37 S. Koreans extradited from Malaysia over illegal gambling websites

The arrests marked the largest number of South Koreans ever nabbed overseas for operating illegal gambling websites. — Reuters pic
The arrests marked the largest number of South Koreans ever nabbed overseas for operating illegal gambling websites. — Reuters pic

SEOUL, July 18 — The police have arrested 37 South Koreans on suspicion of running illegal gambling websites, with stakes of hundreds of billion won, in Malaysia after they were extradited from the South-east Asian country, Yonhap news agency reported, quoting the National Police Agency today.

The 37 people from two illegal gambling rings — one with nine members and the other with 28 members — were extradited through Incheon airport, west of Seoul, from July 9 through yesterday.

It marked the largest number of South Koreans ever arrested overseas for operating illegal gambling websites.

The nine-member ring led by a 41-year-old man with the surname Lee is suspected of operating an online gambling den in Kuala Lumpur since March 2015 and took illegal profits of 19.2 billion won (US$16.25 million) by operating illegal gambling websites with around 384 billion won (about US$326.6 million).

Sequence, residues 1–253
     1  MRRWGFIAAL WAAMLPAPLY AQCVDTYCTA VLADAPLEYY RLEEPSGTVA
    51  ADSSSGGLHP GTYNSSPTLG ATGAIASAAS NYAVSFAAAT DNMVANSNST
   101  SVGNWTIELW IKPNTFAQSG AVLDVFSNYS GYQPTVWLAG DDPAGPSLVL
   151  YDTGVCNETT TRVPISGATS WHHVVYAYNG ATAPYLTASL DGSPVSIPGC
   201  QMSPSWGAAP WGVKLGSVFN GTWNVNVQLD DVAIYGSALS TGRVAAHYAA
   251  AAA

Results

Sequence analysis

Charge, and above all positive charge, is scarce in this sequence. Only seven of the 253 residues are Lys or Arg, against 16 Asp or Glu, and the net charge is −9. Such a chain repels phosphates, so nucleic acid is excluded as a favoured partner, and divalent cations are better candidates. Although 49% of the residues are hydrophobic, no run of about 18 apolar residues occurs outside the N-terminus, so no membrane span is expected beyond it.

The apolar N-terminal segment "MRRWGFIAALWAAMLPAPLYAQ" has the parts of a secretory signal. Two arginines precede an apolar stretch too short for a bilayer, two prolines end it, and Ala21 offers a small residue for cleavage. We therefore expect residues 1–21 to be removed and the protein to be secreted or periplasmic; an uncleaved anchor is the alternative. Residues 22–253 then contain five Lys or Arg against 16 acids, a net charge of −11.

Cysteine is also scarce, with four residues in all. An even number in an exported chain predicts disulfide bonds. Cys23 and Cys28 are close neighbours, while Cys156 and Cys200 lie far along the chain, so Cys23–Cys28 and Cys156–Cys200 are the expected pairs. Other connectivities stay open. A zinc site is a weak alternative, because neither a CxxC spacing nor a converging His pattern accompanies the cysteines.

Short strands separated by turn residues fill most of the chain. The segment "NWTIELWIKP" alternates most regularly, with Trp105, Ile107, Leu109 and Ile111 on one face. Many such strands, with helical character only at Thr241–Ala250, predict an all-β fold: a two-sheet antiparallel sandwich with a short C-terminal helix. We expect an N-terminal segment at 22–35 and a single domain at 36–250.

The other ring, led by a 38-year-old man with the surname Roh, is alleged to have operated similar illegal gambling websites in the Malaysian capital since April 2017.

The arrest of illegal gambling operators came after South Korean police met a Malaysian delegation at an international cybercrime symposium in Seoul in May this year. The National Police Agency provided the delegation with clues leading to their arrests.

The information obtained from South Korea helped Malaysian police learn about their hideouts. Malaysian police proposed to their South Korean counterparts that they conduct a joint raid on the hideouts.

The police agency dispatched a team of Korean investigators to Malaysia from June 20-30. In cooperation with 50 local police officers, the team managed to apprehend them and confiscated 25 computers and 40 mobile phones, subscribed under a stolen identity, that were believed to have been used in connection to the illegal gambling websites. — Bernama

Related Articles